Corn Hybrid Selection Should be Based on Multiple Sources
Minnesota corn growers who are now making decisions concerning hybrid selection can review results from the 2013 University of Minnesota corn grain performance trials here. These trials were conducted at multiple locations across Minnesota to provide unbiased and replicated information on the performance of numerous hybrids for growers and their advisors.
Another source of corn hybrid information is the Minnesota Corn Growers variety plot program which has been updated to provide the following features and tools for individuals to use when comparing corn grain hybrids. Select whole counties or individual plots within a county to include in reports. Compare multiple county plot reports on one screen. New map feature showing where the county/plot is located in Minnesota. Corn harvest reports from cooperators include “Return after Drying” information for the individual plots.
Dr. Jeff Coulter, University of Minnesota Extension Corn Specialist, recommends when selecting hybrids, it is best to choose hybrids that perform well over multiple locations in a region. Consistent performance over multiple locations with different soil and weather conditions is critical because we cannot predict next year's growing conditions. A hybrid that performs well over multiple growing conditions in one year has a high potential for performing well in the same region next year.
To reduce risk, growers and their advisors are encouraged to select hybrids based on trial results from multiple sources, including universities, grower associations, seed companies, and on-farm strip trials. Results from unbiased and replicated trials that include multiple entries from different companies are of particular importance. Following are some considerations for grain hybrid selection. Hybrid selection begins with relative maturity (RM). Identify an acceptable maturity range based on the number of growing degree days (GDDs) required for a hybrid to reach physiological maturity (black layer). Selected hybrids should reach maturity at least 10 days before the first average freeze to allow time for grain dry-down and to provide a buffer against a cool year or late planting.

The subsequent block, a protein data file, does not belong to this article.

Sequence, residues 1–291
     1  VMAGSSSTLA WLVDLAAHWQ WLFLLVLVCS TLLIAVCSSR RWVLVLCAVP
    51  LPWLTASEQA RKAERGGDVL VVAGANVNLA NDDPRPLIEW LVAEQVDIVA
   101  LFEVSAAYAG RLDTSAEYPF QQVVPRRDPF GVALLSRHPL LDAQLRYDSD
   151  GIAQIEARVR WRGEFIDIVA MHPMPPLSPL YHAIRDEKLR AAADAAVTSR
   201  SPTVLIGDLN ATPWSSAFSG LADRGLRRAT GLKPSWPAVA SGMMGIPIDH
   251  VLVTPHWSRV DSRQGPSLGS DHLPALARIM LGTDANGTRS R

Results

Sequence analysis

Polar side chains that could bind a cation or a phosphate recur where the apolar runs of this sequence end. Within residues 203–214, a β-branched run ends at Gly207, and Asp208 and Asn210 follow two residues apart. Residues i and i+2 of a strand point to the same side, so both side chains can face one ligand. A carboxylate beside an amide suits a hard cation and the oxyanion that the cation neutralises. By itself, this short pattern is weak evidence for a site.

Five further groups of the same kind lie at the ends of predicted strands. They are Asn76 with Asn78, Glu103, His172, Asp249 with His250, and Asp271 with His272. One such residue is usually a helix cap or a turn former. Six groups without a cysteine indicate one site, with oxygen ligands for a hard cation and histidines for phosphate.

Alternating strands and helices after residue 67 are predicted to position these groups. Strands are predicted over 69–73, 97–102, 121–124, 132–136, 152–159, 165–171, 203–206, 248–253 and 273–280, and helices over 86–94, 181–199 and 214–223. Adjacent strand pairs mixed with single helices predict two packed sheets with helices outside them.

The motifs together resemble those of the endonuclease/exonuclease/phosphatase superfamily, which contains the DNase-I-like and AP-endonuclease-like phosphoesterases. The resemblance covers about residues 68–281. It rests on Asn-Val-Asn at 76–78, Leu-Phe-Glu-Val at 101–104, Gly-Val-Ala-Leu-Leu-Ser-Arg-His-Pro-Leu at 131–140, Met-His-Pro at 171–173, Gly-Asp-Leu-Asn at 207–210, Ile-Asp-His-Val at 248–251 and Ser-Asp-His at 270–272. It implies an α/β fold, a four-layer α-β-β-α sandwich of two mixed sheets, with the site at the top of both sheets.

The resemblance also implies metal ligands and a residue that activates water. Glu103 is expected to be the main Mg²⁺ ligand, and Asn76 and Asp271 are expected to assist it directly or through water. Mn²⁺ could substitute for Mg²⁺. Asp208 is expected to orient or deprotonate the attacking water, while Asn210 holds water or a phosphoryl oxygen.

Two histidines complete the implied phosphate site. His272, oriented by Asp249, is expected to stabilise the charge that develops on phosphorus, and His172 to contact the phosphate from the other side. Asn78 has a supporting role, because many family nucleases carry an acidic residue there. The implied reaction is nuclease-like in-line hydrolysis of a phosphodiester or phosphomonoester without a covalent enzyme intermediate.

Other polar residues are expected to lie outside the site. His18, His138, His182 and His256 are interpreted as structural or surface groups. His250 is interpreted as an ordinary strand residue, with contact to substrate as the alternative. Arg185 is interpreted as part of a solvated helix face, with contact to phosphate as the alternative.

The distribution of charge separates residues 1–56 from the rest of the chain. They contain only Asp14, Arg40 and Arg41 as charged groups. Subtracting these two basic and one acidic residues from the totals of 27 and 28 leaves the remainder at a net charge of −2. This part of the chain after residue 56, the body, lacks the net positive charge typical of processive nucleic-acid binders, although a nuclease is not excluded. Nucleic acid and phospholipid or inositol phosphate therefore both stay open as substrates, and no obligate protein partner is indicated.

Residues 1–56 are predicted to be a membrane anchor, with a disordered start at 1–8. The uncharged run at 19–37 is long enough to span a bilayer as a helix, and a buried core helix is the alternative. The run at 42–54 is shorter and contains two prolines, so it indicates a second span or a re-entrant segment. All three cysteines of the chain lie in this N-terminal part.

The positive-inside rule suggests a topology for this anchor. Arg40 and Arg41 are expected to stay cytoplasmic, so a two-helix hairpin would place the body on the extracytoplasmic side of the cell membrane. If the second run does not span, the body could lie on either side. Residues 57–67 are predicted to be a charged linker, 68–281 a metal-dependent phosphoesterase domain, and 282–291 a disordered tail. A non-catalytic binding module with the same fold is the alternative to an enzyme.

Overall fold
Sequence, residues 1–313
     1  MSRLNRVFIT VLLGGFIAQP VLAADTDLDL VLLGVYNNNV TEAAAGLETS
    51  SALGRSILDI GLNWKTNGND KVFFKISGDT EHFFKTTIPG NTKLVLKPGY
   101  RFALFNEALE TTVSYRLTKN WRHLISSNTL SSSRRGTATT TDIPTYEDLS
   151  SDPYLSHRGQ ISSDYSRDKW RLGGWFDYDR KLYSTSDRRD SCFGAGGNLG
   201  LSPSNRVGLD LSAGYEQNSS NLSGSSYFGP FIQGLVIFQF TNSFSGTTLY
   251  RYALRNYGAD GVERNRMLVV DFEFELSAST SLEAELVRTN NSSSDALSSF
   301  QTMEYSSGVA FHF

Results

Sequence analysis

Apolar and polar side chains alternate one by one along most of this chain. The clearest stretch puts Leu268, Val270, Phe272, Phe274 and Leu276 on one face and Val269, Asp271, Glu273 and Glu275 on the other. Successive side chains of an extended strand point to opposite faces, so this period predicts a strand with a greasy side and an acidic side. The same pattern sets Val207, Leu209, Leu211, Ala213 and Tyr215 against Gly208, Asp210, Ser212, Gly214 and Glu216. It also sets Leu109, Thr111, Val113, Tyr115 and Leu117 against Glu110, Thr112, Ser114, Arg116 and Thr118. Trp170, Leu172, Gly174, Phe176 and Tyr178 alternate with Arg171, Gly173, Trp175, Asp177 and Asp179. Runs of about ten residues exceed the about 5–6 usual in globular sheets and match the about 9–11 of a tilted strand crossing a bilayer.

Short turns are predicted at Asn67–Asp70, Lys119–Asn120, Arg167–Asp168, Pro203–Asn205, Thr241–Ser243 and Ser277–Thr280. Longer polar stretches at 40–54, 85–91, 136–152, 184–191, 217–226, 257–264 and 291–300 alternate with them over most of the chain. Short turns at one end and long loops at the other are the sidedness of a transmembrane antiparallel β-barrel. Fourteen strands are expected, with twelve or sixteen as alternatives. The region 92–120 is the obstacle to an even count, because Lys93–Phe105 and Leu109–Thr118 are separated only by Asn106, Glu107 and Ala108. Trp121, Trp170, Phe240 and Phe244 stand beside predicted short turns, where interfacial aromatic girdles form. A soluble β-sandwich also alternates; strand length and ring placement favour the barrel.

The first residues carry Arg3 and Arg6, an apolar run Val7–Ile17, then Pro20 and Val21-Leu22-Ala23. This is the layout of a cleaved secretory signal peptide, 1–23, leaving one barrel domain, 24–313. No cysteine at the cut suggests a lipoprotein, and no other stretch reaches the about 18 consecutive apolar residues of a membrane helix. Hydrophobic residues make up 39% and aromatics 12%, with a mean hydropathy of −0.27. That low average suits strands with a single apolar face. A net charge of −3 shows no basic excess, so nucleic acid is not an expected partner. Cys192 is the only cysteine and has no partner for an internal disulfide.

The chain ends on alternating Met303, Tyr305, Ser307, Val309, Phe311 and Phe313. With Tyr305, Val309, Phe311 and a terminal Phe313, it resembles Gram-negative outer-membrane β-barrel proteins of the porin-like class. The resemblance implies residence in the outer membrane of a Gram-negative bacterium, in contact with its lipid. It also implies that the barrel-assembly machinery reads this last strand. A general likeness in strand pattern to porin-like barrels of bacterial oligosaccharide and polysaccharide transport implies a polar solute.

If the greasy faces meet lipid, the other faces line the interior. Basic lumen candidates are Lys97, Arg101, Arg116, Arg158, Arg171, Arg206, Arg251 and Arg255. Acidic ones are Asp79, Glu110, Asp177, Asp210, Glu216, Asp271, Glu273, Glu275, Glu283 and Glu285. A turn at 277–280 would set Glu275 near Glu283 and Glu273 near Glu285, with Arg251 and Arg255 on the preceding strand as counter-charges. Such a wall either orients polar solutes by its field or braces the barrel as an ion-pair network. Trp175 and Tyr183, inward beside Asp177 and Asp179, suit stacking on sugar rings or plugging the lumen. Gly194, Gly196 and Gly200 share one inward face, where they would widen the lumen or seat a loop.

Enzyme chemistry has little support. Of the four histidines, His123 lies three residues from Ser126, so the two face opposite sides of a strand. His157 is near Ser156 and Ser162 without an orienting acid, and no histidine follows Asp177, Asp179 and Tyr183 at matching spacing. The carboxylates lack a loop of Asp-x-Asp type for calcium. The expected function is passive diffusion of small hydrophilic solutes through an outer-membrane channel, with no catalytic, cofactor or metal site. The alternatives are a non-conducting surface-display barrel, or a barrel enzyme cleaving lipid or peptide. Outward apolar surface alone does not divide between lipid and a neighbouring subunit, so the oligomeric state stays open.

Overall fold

Plant multiple hybrids of varying maturity to spread risk and widen the harvest interval. Very full-season grain hybrids do not consistently out-yield mid-season grain hybrids in Minnesota. There is more variability in grain yield among hybrids within a given RM rating than there is between maturity groups. Hybrids also should be selected according to agronomic traits including emergence, root strength, disease tolerance, standability, and the need for transgenic resistance to insects and herbicides within a given production system. Standability is a key trait if higher seeding rates are used and late-season conditions are dry.